If I opted for the technical superiority of Gilchrist, I would still look out for an occasional fix of the street club's boisterous charm. And I shall be looking up other examples of their work as well as Gilchrist's.

* Check out Maeve Gilchrist's recorded work at the Salut! Live Amazon link:

** The Galway Street Club Facebook page is here; Maeve Gilchrist's site is here


Bill Taylor

I would love to hear the Pogues do this song! As I said in your earlier post, the lyrics are hard-edged and, I think, need the hard-edged delivery that Richard Thompson gives them. Christy Moore doesn't quite manage it and Maeve Gilchrist - no disrespect to her obvious and considerable abilities - doesn't even get close. It's a pretty version of a song that isn't pretty at all and she lost me halfway through.
I expected more from Galway Street Club (perhaps an early clue to my disappointment was the pints of WATER they were passing around before they started; that would never have happened in my day!) though I love James Dillon's voice and there's certainly potential for a really searing rendition. Doesn't happen here, though; the lineup on stage doesn't produce the depth or volume of sound that seemed to be promised. The occasionally off-key fiddling and harmony vocals don't help, nor, of course, do the truncated lyrics. Still, not bad for a somewhat impromptu live version. Next time, though they could perhaps lose a little of the charm and boost the boisterousness.
There's another version on YouTube by a band called the Whistlin' Donkeys (somehow, that apostrophe speaks volumes). I offer it here simply as a comparison... not a very good one; perfunctory with no real feeling or expression. Just sing the song and move on.
For my money, Richard Thompson's original remains head and shoulders above everyone else. Given that the Pogues are no longer extant, I don't see an obvious contender. Though maybe someone could get the song to Shane MacGowan...

Colin Randall

Great comment, Bill, even though we disagree. I think the song works the way the Galway Street Club and, of course, Richard Thompson approach it but also when sung with the panache and, as Joan Dawson put it here in the earliuer discussion, the "softness and the diction" of Christy Moore and, I'd add, Maeve Gilchrist.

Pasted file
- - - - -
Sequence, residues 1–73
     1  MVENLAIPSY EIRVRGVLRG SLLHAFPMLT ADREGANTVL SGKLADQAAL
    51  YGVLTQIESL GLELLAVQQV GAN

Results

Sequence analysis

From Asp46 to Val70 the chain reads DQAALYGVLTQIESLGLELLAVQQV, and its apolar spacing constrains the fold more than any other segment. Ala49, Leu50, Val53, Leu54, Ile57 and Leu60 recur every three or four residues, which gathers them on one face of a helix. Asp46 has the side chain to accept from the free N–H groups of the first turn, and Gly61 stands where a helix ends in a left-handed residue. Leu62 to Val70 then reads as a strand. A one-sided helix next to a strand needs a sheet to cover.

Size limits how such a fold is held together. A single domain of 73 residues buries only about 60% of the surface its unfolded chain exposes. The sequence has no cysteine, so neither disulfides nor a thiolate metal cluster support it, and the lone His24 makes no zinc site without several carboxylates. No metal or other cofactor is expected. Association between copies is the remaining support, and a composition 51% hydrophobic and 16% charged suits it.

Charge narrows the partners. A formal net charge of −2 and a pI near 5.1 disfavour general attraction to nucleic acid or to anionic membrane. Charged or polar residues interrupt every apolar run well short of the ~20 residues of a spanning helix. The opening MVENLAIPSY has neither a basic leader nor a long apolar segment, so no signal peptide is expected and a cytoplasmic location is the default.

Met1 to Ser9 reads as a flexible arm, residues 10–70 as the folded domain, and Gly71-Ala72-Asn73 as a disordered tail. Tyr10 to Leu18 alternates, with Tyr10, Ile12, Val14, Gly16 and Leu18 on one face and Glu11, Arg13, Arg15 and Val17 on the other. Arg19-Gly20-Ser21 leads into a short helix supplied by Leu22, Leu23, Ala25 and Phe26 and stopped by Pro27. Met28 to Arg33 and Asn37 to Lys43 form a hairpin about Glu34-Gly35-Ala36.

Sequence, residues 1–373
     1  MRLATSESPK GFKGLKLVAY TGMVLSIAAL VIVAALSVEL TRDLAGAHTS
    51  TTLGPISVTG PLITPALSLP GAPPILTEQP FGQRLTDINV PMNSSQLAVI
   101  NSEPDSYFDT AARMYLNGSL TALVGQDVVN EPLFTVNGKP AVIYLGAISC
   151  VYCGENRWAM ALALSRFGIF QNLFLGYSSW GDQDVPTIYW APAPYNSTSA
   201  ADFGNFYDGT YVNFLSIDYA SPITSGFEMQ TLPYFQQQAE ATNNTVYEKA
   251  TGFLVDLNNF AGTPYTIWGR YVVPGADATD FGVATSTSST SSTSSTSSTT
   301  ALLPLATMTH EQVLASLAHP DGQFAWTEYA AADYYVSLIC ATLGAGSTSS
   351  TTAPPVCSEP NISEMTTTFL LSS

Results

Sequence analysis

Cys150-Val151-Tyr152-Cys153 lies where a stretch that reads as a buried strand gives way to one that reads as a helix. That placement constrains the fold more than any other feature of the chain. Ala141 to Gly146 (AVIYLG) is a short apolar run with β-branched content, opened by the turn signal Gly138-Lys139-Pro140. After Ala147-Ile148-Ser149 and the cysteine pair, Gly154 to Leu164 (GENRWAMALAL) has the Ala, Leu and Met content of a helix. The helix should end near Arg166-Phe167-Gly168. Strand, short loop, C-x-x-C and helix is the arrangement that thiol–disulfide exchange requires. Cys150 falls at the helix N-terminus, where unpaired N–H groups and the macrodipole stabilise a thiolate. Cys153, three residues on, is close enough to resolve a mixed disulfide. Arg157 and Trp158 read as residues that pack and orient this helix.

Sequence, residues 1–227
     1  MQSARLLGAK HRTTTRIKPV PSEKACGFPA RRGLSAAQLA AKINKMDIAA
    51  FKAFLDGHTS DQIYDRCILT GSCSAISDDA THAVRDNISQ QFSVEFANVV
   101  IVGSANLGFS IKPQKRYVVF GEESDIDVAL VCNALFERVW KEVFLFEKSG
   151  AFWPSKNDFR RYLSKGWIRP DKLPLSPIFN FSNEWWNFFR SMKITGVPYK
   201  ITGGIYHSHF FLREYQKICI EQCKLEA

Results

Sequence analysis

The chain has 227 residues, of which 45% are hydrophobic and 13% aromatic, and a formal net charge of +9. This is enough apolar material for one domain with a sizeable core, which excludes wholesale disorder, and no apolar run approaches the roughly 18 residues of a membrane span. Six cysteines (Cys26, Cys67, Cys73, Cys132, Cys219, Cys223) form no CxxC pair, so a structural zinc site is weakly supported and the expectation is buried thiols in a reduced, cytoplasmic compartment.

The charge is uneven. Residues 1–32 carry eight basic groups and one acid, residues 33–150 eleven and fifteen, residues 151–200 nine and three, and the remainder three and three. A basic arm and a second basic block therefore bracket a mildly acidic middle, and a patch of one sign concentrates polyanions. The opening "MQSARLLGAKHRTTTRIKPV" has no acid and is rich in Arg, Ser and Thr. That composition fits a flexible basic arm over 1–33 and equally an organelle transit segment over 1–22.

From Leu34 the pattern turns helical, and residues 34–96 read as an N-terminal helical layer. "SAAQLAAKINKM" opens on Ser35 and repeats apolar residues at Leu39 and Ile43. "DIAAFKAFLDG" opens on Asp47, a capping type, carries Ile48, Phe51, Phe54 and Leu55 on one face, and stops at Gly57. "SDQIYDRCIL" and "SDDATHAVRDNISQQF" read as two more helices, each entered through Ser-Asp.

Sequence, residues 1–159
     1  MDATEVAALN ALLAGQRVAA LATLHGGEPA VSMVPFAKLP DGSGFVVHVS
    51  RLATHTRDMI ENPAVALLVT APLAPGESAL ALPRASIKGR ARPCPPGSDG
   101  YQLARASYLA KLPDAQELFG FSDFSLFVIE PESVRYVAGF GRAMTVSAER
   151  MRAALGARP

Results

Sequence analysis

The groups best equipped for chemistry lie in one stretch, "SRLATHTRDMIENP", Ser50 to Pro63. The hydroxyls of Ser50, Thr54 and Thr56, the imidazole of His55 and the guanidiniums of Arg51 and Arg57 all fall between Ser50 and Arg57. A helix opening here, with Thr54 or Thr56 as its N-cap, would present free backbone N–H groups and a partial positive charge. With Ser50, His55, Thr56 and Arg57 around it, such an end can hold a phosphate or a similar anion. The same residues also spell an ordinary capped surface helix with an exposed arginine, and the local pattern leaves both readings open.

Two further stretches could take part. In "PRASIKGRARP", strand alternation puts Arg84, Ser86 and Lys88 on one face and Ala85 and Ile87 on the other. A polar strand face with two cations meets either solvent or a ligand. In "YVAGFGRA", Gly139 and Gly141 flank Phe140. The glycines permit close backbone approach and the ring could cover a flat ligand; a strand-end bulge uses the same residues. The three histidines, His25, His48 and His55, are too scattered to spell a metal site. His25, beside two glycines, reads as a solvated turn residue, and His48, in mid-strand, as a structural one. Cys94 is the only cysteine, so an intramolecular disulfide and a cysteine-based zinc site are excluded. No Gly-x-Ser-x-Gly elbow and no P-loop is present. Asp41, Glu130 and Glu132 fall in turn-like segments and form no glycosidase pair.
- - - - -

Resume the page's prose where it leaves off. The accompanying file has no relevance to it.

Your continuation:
If you want more boisterousness and more booze, check out one member, Adnaan - " I’m a farm boy from the Appalachian foothills of New England" - and his enthusiasm for booze and other kinds of street clubbing at He'd have been in his element at the Castle or Aclet folk clubs in Bishop Auckland

Bill Taylor

Oh yeah, I love that! Great version, too, of I Shot the Sheriff. James Dillon is a real talent. Reminds me of the Dropkick Murphys (one of the all-time great names for a band), whose unparalleled live version of Amazing Grace I append here for no particular reason except... why not?

Colin Randall

From 'Tiff Toff Tuffin', of the Galway Street Club, comes an explanation of the shortened version of the song:

'Haha he did it [on purpose] for that gig has we had limited time so we cut some verses.
The recording we have has more.'

It does indeed, though several lines are still missing. I would prefer to hear them sing the song in its entirety but they are entitled to make their own choices. As the late fiddler Dave Swarbrick once said when Martin Carthy asked about an arrangement he was unsure of: "Go for it. You can do anything you want with music. It doesn't mind."

I also mentioned (now deleted) that I could locate no Galway Street Club recording of the song. There is one after all, TTT tells me:
'Hey man just seen you're article there on the street club! Thank you very much it's really appreciated it. You mentioned you can't find a recording of Beeswing, I have a file of the cover album we did in summer and Beeswing is on it, ... '

It's well worth a listen.